Royalty was adding to the hyperbole swirling around the Munch Museum in Oslo, as another new exhibit pairs the works of Norwegian artist Edvard Munch with other masters. This time its none other than Vincent van Gogh, and the opening this weekend is drawing the current and former queens of the artists’ homelands.
“It is quite an event when Van Gogh comes to Norway,” said the cultural commentator for Norwegian Broadcasting (NRK), Agnes Moxnes. “This is a prestigious exhibition that’s confirmed by the fact that former Queen (now Princess) Beatrix (of the Netherlands) and Queen Sonja (of Norway) will be at the opening on Saturday. It’s a feather in the cap for the museum.”
The long-troubled museum that’s run by the City of Oslo, after it inherited Munch’s own large collection of his art following his death in 1944, has been on a definitive upswing lately. Recent exhibits celebrating the 150th anniversary of Munch’s birth were a major success and the museum also got the news that city officials at long last will build a new and much larger facility to house and exhibit Munch’s art. The existing museum in Oslo’s Tøyen district was arguably too small from the day it opened, nearly 20 years after receiving Munch’s art, and maintenance was neglected for years, until Japanese investors contributed funding in the 1980s. Idemitsu remains a major contributor.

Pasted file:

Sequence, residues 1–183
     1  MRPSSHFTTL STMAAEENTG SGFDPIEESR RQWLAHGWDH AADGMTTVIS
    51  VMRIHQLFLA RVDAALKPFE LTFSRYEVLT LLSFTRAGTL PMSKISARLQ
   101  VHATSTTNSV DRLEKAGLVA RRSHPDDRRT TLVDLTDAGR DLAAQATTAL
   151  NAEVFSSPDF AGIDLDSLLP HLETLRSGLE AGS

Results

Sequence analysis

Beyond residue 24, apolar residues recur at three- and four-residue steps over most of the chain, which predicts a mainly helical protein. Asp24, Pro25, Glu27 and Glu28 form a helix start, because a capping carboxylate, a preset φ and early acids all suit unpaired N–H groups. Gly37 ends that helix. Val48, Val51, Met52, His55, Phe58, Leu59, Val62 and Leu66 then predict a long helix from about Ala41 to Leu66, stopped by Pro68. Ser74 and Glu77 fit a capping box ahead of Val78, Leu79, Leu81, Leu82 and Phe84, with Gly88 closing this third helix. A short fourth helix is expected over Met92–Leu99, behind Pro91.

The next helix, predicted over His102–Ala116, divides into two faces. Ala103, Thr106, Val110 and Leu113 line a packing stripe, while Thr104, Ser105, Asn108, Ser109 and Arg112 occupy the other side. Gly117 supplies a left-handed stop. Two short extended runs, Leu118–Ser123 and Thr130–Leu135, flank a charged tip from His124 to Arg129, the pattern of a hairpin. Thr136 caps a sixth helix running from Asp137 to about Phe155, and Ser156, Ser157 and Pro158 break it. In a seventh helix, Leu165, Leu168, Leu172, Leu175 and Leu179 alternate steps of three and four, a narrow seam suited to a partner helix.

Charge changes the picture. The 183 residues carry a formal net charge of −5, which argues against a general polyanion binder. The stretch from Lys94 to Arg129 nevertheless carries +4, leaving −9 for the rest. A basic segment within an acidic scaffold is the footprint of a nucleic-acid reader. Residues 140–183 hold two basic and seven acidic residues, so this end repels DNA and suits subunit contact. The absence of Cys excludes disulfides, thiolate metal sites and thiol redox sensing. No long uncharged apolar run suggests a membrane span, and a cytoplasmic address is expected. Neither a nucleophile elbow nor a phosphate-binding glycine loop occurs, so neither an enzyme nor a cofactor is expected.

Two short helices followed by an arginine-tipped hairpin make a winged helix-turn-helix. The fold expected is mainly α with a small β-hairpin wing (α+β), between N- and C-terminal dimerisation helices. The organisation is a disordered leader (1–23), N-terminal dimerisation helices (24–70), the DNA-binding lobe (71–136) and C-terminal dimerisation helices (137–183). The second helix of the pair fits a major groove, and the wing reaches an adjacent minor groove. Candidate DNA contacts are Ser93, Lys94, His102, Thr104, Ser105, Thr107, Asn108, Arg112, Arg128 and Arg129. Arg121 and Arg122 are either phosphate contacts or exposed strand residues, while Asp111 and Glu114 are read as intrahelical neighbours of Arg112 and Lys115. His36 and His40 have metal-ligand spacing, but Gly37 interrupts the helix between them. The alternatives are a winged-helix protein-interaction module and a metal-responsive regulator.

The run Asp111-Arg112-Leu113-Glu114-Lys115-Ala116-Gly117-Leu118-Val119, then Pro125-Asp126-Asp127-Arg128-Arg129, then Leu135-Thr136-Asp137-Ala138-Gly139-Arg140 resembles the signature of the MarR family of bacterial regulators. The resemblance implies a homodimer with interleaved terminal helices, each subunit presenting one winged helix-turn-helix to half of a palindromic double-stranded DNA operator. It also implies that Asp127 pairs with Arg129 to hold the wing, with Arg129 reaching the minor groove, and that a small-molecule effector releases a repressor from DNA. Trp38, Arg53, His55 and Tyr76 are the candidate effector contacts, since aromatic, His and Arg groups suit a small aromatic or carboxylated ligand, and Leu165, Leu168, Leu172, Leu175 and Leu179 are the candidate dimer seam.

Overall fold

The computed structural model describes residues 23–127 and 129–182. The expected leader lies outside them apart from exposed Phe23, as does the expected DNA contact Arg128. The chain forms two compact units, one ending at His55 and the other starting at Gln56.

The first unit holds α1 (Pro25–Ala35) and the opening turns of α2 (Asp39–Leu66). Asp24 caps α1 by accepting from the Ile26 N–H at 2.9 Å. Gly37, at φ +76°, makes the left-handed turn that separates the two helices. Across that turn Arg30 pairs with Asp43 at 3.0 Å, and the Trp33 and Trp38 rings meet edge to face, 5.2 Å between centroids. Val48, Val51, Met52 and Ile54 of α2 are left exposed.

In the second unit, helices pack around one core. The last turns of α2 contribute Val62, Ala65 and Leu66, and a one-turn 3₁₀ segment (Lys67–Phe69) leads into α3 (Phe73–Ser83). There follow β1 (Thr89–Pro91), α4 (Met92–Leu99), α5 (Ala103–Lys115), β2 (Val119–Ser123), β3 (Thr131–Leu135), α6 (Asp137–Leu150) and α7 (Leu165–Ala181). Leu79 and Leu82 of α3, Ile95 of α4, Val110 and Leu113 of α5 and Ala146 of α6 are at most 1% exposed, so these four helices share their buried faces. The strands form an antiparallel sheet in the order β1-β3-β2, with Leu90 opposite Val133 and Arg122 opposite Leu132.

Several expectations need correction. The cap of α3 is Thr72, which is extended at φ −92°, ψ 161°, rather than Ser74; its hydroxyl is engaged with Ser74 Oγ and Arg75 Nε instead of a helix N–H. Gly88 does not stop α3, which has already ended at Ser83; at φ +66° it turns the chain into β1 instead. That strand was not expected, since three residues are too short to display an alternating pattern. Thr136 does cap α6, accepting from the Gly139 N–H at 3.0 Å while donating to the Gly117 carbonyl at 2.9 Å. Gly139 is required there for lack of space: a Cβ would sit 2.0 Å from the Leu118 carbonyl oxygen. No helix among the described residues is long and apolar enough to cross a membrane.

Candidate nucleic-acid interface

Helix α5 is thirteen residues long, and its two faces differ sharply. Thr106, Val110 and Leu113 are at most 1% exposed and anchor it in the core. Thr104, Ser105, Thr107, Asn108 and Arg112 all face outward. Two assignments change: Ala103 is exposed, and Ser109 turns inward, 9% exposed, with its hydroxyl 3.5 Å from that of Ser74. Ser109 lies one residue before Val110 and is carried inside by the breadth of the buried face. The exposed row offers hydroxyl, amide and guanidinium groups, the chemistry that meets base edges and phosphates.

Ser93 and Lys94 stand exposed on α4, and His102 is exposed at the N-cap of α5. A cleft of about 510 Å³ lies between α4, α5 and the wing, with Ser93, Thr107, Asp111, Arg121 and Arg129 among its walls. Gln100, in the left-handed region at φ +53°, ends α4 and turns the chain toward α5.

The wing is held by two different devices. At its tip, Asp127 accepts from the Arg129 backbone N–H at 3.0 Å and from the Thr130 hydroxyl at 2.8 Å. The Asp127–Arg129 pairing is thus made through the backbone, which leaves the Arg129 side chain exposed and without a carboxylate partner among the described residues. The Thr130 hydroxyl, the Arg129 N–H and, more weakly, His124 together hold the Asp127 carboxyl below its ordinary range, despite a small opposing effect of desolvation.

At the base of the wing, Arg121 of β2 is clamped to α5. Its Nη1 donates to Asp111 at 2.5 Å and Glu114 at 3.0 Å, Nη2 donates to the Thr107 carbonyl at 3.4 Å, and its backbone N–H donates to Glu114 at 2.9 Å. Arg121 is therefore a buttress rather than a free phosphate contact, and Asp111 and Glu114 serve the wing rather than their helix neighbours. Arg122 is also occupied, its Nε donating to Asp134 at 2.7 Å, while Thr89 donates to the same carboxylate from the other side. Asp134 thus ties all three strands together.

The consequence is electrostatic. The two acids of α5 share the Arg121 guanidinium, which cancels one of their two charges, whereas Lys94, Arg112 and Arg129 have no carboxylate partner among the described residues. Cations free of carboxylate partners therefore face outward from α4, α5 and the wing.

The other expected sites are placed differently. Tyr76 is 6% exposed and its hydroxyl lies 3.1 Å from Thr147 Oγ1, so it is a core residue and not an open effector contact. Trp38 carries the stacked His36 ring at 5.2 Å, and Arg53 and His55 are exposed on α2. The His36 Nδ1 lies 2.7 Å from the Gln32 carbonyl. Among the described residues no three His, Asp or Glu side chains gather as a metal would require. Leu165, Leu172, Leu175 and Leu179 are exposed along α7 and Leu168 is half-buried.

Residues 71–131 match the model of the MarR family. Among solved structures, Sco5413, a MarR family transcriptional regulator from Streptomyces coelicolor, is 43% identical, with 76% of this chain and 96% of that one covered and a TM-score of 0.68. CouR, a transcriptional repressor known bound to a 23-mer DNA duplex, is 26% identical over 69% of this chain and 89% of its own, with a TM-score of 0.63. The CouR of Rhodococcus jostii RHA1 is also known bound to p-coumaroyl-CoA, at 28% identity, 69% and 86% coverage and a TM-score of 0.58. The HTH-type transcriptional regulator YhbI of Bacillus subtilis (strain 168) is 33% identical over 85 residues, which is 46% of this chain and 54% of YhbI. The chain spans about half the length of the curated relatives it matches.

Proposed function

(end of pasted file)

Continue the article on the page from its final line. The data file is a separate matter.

Now museum officials have embarked on a series of exhibits pairing Munch’s art with that of others, both from Munch’s time and contemporary. An exhibit this past winter called Melgaard+Munch, which placed Munch’s art side-by-side with that of contemporary Bjarne Melgaard, generated large crowds and howls of protest, even a complaint to police. The new Van Gogh exhibit is expected to be much less controversial.
It will feature around 75 paintings and 25 works on paper, including each artist’s famous versions of a starry night. Works such as Munch’s Scream and The Sick Child and Van Gogh’s Wheatfield with Reaper will also on be on display. Newspaper Aftenposten called the exhibit “a little sensation,” with nearly 40 Van Gogh works exhibited in Norway on loan from museums in Amsterdam, Paris and New York.
Munch has said he was inspired by Van Gogh, who was 10 years older than Munch and died just before Munch painted The Scream. They reportedly never met, but both are said to have created art with “strong emotional content expressed via a personal and innovative style,” and both lived troubled lives. Munch enjoyed recognition and, eventually, economic success while he lived, while Van Gogh received neither. Van Gogh reportedly never saw Munch’s works, but Munch studied Van Gogh’s carefully. Both were masters of expressionism tied to personal experience.
The exhibit VanGogh+Munch, a collaboration between the Van Gogh Museum in Amsterdam and the Munch Museum in Oslo, is unique both because of its size and number of important works, and its display of both masterpieces and several works rarely on display. It will run through September 6 in Oslo, which boasts the world’s largest collection of Munch’s art, and then move on to the Van Gogh Museum in Amsterdam, reopening on September 24.